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>I'm very curious about XML and I'm following the "XML &Technical Writers
>..." discussion with great interest. In the last two weeks, I read a lot of
>interesting articles regarding XML. Despite this, I cannot figure out how
>XML can help us in the everyday work.
I think XML, and structured publishing in general (or any tools and
methodologies we use), should be about
* helping build quality into our development process (whatever measures
of quality we care to use)...
* which should help information developers reduce the effort needed to
document complex systems...
* which makes it possible for techwhirlers, as part of the product team,
to *add value* UP FRONT, instead of being a "backend burden" to middle
management or a "nuisance" to developers/engineers.
So how can XML help us in our everyday work as techwriters?
Well, for the longest time, many of us were far out of the development loop
(usually at the bitter, burdensome end of it), concentrating on change
pages and the lead time required to revise and distribute a paper bookset:
the World Wide Web gave us a way to bypass at least the long lead times
necessary to generate paper; suddenly, almost anyone had the ability to
publish fast, fast, fast (I'm not sure who it was that said the competition
now was between the engineer/programmer who could update a webpage about
the latest changes to TigerSoft'97 and the tech pubs departments could even
begin think about starting on the revisions for the paper, PDF, and HTML
versions of the new manual).
This speed also made things even *more* difficult when it came to
*controlling* the structure and format of our publications: reusing them
can get very tough (which version of Word was this done in? How can I get
this out of PDF? Why won't these old Interleaf docs import into Frame?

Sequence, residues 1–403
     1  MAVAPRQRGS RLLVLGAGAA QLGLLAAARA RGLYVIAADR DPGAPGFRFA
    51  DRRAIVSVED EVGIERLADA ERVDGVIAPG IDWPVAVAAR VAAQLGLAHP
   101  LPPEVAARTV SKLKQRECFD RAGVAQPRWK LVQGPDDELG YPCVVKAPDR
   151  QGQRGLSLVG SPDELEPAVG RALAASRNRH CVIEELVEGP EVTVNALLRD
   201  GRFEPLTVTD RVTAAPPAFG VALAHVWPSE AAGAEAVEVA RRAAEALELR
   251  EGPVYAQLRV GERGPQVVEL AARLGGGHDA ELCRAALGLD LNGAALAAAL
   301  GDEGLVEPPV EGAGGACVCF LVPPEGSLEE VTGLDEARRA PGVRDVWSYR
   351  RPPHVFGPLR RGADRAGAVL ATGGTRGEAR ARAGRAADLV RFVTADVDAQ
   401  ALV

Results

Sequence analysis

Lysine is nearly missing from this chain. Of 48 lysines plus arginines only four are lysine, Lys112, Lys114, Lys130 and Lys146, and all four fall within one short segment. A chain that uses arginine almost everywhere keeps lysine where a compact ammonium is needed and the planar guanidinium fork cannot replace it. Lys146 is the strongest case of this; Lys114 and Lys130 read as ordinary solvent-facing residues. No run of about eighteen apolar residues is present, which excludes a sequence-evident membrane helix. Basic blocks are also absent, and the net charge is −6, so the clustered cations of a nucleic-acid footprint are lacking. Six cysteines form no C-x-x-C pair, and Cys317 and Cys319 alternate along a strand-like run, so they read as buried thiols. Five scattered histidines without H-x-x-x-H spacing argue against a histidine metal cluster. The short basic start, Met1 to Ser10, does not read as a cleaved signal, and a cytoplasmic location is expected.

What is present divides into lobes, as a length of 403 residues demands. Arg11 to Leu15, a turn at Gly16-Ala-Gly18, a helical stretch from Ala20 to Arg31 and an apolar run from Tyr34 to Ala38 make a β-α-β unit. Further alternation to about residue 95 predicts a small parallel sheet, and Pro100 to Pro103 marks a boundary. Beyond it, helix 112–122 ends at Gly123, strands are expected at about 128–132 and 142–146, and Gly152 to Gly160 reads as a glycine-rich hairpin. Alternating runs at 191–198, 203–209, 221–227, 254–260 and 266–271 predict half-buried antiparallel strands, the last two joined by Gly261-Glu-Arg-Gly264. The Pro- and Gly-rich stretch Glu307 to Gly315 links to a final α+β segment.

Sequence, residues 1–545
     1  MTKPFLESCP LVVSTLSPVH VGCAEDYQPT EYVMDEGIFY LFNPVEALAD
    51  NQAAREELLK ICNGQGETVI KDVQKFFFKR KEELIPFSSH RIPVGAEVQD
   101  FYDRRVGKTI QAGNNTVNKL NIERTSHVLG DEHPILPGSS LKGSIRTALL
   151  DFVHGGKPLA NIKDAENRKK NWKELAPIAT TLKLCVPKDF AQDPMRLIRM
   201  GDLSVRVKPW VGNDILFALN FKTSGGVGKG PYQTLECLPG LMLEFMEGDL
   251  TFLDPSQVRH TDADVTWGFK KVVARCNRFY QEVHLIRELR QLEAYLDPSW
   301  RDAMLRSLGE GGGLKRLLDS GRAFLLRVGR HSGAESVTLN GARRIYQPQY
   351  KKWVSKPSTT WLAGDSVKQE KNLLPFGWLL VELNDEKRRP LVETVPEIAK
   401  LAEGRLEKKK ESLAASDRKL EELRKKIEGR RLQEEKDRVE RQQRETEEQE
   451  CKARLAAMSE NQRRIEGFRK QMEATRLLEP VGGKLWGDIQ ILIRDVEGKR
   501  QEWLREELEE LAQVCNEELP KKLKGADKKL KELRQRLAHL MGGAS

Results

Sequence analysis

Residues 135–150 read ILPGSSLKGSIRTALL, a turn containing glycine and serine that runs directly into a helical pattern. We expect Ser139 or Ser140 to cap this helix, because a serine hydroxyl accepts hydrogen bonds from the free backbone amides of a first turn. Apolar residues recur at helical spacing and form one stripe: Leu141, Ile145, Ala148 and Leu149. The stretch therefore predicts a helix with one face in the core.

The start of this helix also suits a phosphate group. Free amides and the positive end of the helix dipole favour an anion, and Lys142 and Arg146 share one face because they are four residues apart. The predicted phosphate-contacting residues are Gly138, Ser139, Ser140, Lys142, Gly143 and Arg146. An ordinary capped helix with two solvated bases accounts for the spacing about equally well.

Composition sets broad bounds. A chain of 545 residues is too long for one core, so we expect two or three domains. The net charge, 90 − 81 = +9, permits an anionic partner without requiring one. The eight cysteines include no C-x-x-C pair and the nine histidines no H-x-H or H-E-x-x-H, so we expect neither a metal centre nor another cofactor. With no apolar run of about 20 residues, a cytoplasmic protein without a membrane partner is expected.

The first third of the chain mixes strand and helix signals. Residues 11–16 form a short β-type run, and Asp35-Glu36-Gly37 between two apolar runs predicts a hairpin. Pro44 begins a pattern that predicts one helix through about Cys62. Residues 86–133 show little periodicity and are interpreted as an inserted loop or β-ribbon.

How-come Worderfect doesn't work on these new PCs?), rewriting and
re-purposing whatever the engineers threw out there while we weren't
looking can be a nightmare, and trying to do the same old things with brand
new tools can make for a truly dogmatic and unworkable pubs process --
guaranteeing that we get even further out of the development loop.
As long as it stays difficult to completely eliminate paper, or to get
"obvious products" built that don't need techsupport, documentation,
trainers *OR* middle managers, we'll need good tools and methodologies.
XML looks like a tool/methodology that help us as info developers get our
documentation process more structured and more streamlined.
Alessandro, the first place I'd send anyone with an interest in XML is to
longtime fellow TECHWR-Ler Simon North's page:
... where you can find almost anything you'd wanna know about it; enough,
even, to tapdance your way thru an interview for a position developing with
XML (no, I didn't get the job, but that was probably due to things better
discussed in another thread ;-)...
I was once-upon-a-time a structured publishing True Believer: I don't know
if I still am, although it seems that XML is the best prospect for meeting
the ideal of genuinely useable/reuseable/navigable information.
I wrote the following review on the first book published about XML a while
back; I see now, after the recent discussions, that I made a lot of
assumptions about who-could-possibly-be-interested-in-this-stuff. It's
possible that I wasn't thinking far-enough "out of the box" in that I was
still concentrating on the "legacy bookset" problem that's burned out many
a techwhirler -- in the interview I spoke of, the pubs manager was excited
about the XML project because the company didn't *have* a legacy bookset:
they were starting from scratch (and my worry was that they were going to
go ahead and *build* a legacy bookset, only with new tools) -- I think it's
possible that I just-can't-think-of what we can really do with XML: I was